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Sargedain is the capital of Snefaldia. It is bisected by the Saard river, which is heavily leveed as it runs through the city. It has been the seat of government in Snefaldia since 1895, when the Republic established itself there, moving from the ancient Aatem Nal seat of power in Serasarda to lessen the influence of the religious order.
Sargedain began as a tiny fishing village on the western shore of the Saard. It grew to importance after Dain-da-Hol's Revolt and the death of Dain-da-Hol in 1525. Renamed for the famous leader, it grew in importance and size, establishing a crowned republic after the Tejaaran model. The Sargedain Republic grew rich on the shipping and agriculture that thrived during the waning years of the Golden Age of Aatem Nal, and Sargedain's representative in the Tuhran Bel wielded immense power, a position which allowed the city to conclude a trade alliance with Taxilha to monopolize shipping on the Saard, an arrangement which lasted until 1651, when the resurgent power of Sringi kingdoms in Isaardlang, Washukanni, and Millawanda reduced the importance of Sargedain's seat in the Tuhran Bel and forced the trade monopoly to expire.
The latter half of the 15th century saw Sargedain's power further challenged by the increasing importance of the Belädányá lands in the south and a resurgent Bae in the east. The political situation in Dayan was also becoming less accomodating; the peace ensured by Aatem Nal's common bonds was weakening as religious institutions became less interested in political administration and local aristocrats began to reassert control. The Sargedain Republic fought three wars in the 1690s alone: one with Washukanni, one with Wołlmænö, and a final disastrous conflict with Tarhuntassa and Ånienë that saw the city sacked and the Republic ended with the installation of a northern Prince, who was died conveniently in his sleep in 1710.
The Segovan period saw the reestablishment of a centralized authority around Aatem Nal, and the eventual reestablishment of self-rule in Sargedain; the necessity of conquering independent Taxilha made Sargedain's control of the upper river more important, and the city's senate (in the absence of their prince) dispatched ships to aid in the 1710 conquest of Thiestilm, and again in 1730 by contributing to the fleet that captured the southern port city.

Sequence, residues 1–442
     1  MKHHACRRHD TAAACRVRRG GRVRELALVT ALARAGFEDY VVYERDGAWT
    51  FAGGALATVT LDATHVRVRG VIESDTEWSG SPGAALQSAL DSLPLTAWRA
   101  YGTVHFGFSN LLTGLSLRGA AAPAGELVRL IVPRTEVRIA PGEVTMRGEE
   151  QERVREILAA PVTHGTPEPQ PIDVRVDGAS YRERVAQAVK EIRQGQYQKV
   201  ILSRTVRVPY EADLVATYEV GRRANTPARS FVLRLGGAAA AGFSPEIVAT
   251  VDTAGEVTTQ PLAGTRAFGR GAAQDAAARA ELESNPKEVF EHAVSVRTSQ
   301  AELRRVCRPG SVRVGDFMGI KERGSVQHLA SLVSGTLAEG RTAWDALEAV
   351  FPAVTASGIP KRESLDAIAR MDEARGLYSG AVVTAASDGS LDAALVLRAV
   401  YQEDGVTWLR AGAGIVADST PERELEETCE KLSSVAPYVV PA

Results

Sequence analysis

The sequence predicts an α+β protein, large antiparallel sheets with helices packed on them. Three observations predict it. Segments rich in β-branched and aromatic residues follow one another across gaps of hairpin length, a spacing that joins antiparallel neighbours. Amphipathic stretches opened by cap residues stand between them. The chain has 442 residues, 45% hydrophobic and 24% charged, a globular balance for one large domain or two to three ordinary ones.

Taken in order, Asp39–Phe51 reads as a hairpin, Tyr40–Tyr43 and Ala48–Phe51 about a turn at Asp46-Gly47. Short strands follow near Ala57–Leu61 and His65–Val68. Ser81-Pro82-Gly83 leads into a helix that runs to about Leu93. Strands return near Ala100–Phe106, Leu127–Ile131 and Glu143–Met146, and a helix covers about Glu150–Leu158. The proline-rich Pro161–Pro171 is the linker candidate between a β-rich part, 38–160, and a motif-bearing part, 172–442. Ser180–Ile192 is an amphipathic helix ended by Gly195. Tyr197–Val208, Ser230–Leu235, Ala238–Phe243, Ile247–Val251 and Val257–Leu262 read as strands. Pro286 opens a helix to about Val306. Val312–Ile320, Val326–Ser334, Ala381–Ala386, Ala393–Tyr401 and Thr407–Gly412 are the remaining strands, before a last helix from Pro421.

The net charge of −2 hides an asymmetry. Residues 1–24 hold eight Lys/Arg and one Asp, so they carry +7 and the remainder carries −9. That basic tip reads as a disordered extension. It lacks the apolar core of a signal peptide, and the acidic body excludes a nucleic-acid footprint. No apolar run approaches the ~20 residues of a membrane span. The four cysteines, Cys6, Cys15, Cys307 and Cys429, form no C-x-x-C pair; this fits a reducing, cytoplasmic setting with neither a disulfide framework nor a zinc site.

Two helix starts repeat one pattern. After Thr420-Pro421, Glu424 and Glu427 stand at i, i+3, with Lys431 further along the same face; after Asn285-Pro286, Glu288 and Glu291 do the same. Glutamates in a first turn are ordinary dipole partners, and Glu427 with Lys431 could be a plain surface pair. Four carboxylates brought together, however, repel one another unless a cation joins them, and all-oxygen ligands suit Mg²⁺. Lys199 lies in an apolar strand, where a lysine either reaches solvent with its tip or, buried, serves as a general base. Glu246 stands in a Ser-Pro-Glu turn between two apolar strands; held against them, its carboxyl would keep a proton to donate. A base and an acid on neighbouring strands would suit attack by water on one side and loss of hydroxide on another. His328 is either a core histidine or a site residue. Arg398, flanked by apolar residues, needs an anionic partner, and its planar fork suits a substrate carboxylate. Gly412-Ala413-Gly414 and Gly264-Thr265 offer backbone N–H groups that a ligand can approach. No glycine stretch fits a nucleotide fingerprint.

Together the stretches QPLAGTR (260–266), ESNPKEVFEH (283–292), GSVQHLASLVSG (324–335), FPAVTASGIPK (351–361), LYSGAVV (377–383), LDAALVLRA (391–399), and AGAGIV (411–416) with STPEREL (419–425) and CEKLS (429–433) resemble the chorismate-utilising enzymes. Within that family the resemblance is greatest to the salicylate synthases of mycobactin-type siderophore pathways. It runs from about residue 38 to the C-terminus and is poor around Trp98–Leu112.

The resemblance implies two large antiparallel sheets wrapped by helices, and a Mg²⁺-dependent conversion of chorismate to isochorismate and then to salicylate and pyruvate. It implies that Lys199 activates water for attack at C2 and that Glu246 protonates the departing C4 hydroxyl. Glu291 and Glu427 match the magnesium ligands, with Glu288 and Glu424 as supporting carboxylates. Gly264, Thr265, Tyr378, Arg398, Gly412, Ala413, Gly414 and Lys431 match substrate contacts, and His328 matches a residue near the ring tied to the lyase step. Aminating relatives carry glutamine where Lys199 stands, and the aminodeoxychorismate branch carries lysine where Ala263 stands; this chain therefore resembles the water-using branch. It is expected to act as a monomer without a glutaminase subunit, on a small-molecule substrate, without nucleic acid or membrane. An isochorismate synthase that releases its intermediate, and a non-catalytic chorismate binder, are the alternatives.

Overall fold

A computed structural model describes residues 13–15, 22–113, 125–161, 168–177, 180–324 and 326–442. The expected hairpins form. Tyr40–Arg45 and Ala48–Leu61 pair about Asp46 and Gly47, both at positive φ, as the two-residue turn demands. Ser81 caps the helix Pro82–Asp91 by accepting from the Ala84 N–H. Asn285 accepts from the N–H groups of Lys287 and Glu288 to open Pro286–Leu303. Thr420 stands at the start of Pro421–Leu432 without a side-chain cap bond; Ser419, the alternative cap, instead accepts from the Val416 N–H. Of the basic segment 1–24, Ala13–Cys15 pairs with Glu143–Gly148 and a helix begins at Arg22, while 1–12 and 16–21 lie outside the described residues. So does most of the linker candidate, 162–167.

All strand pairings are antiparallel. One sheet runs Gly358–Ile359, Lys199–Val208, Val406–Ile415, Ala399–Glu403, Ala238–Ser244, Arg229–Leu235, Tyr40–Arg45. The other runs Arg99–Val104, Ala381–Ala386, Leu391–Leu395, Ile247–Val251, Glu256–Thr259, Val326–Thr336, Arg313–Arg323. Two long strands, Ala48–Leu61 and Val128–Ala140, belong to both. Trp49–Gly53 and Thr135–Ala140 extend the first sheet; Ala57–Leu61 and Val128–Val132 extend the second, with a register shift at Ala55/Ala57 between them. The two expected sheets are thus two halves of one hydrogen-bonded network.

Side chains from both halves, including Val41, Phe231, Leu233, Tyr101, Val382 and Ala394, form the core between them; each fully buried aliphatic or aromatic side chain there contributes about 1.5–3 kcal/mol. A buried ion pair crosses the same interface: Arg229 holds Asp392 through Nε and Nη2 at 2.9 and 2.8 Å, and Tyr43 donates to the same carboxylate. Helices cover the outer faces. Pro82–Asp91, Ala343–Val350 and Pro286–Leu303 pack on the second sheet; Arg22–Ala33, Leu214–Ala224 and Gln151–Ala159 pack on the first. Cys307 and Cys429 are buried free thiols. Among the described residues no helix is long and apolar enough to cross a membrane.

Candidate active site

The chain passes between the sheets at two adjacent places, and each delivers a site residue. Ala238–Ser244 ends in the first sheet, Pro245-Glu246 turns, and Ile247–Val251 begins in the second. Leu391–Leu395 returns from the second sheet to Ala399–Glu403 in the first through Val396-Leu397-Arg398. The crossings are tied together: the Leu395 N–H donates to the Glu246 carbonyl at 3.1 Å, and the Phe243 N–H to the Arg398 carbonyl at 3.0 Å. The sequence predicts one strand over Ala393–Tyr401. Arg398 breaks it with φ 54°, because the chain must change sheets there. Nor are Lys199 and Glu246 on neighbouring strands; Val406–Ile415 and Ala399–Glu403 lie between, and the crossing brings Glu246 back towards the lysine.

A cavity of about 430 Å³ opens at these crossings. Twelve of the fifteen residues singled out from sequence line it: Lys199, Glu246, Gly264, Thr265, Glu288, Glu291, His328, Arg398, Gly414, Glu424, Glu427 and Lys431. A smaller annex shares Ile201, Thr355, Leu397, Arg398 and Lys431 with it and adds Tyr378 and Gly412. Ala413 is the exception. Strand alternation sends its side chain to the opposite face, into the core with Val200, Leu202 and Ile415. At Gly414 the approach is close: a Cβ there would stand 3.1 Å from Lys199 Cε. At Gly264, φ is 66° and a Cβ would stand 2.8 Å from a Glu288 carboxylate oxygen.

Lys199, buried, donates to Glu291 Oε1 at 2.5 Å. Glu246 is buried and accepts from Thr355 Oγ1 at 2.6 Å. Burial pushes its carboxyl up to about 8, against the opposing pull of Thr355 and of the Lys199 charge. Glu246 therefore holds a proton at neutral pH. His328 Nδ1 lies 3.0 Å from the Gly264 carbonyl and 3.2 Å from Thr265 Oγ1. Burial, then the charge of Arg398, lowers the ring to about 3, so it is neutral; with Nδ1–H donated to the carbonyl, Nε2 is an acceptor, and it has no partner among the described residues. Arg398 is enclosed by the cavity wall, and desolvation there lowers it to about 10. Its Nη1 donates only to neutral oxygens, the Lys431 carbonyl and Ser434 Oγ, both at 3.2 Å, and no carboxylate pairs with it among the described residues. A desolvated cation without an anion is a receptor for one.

The independent nature of the river-straddling city was reinforced in the 18th century by a series of forward-thinking and shrewd Senators and Segovanners who expanded the hegemony of the city into Dayan and kept the growing power of the kings of Washukanni at bay, concluding alliances with Neeri hegemons who could protect their southern borders. Sargedain was the center of a Dayan cultural renaissance in the latter half of the 1700s after an infusion of Neeri culture and ideals, including a young Sønël Tåsøll, who studied in Sargedain before joining the Segovan as a progressive leader.
Sargedain's position as a center of progressive did not insulate it in 1825, when the Tuhran Bel, concerned with the liberal direction of the increasingly democratic body, ordered its dissolution and sparked the series of Tåsøllian Wars. Despite refusing to align with Sønël Tåsøll and even sabotaging his efforts by removing the arsenal to the countryside to prevent its capture, Tåsøll's forces encamped in the West Bank in the third Tåsøllian War, and the city was besieged by the forces of Tudhaliya IV. There was a general bloodbath as the King's army broke the defense of the West and rampaged through the city seeking to murder anyone with progressive tendencies; believing the northern soldiers to be liberators the Eastern Bank defenders opened the bridges to them and were slaughtered as well, a bloody sack for which Tudhaliya became known as the Agony of Sargedain.
Rather than align with the hardliners in Serasarda after the War, the people of the city and its environs nursed a hatred of Tudhaliya and his politics, and the city became a center of Progressive organization, raising a large militia with which to defend themselves. Grand Librarian Almonus Hugo attempted to force them to submit, but his heavy-handed administration had alienated many of the allies who had fought against Sønël Tåsøll, and the untimely death of Tudhaliya IV in 1840 saw the tides turn and the Grand Librarian was deposed and exiled.
By the second half of the 19th century, Sargedain's leaders had been replaced by less politically astute and more conservative figures who eschewed the radical liberalism of the early century and laid a steady course, but the actions of the Four Anti-Progressive Monarchs caused widespread outrage among the common citizens who had the most sympathy for liberal causes, and the conservative Senate was shut out by an angry mob in 1875, after Wagasanali XXII of Isaardlang declared war on Washukanni and called for all progressives to rally to his banner; Sargedain declared was on Alondarien and led a coalition to depose Udhavar Ondarjabello, the vampire-Lord of that kingdom.
Sargedain became the center of liberal, republican thought, hosting the First Congress of Republicanism in 1885 and leading the Conquest of Serasarda in 1895, becoming the capital of the Republic of Snefaldia the same year.
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